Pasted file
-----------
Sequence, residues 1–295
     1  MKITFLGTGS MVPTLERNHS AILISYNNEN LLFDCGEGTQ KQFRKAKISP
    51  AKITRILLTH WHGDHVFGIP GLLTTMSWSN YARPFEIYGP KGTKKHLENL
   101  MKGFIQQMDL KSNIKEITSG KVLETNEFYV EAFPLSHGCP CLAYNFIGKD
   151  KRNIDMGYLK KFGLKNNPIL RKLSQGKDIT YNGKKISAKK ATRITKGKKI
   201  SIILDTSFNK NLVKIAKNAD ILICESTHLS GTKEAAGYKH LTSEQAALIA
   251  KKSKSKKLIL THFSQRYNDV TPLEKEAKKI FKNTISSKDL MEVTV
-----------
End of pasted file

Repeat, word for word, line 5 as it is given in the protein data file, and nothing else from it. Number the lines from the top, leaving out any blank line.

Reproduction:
   151  KRNIDMGYLK KFGLKNNPIL RKLSQGKDIT YNGKKISAKK ATRITKGKKI